HTML For WebTV E-Mail

To begin with, HTML (HyperText Mark-up Language) is the set of codes used to create the vast majority of pages seen on the World Wide Web. This versatile programming language allows the complete integration of pictures, sounds and text into a distinct whole.

HTML codes (generally referred to as "tags") are generated by using the carats on the keyboard to surround them and seperate them from the text. For instance:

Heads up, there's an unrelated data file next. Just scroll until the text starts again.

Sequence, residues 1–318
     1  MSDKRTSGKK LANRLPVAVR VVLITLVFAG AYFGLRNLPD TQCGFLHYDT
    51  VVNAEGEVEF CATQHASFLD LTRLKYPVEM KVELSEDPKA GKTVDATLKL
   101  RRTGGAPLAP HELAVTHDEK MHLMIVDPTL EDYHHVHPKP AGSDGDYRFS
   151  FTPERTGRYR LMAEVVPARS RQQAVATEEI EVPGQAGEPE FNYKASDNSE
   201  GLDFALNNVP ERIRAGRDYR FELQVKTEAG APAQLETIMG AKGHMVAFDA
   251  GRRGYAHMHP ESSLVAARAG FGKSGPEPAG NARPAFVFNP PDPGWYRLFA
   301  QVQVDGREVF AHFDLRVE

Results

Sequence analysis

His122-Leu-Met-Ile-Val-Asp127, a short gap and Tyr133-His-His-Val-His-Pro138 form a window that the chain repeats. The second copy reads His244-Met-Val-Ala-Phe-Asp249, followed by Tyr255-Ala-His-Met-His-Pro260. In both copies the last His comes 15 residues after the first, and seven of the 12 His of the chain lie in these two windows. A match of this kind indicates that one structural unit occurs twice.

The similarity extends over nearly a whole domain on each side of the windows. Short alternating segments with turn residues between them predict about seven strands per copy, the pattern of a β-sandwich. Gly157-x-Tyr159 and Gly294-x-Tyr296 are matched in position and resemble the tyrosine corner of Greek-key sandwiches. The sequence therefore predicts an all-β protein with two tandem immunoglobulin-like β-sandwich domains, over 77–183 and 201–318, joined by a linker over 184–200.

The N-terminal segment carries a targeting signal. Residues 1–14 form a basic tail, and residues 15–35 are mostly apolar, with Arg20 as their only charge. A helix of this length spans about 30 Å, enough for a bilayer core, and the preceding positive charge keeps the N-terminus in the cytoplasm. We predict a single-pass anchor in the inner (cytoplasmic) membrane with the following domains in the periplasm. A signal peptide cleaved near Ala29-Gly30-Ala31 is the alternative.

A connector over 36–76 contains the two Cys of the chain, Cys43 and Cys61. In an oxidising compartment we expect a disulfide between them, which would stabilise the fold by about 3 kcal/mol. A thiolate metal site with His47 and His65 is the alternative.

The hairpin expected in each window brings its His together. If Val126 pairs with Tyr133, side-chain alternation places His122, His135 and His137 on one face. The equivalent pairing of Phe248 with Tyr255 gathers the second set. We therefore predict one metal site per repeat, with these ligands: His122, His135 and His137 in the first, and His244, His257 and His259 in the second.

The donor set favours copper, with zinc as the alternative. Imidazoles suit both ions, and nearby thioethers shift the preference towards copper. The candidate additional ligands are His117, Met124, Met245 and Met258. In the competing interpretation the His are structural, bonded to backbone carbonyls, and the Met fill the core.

<html> </plaintext></center><p>would be the first tag used in a text field, in order to signal to the browser that what follows is not just plain text.</blockquote><br><hr><blockquote>After the <plaintext><html></plaintext> tag, you would enter the codes for putting </font><a href="">color</a><font effect="shadow">,</font><a href=""> images</a><font effect="shadow">, and </font><a href="">sounds</a> <font effect="shadow">in.</blockquote><br><hr><blockquote>When ending the HTML page, always use this tag:<p><center> <plaintext></html></plaintext> </center><p>This tells the browser that the HTML file is complete. Many browsers automatically assume this tag, but some older versions can be confused if the closing tag is not included, and if neglected in a multi-part mail, the HTML coding may spill over to the other portions.</blockquote></font><br><hr><center><a href="/on/r2s/color.html"> Color</a> &nbsp &nbsp <a href="/on/r2s/images.html">Images</a> &nbsp &nbsp <a href="/on/r2s/sounds.html">Sounds</a></center><br><hr> </b><font color="#333333" size="1"> <p> <center><a href=""> Questions or comments?</a></center> </font> </body> </html>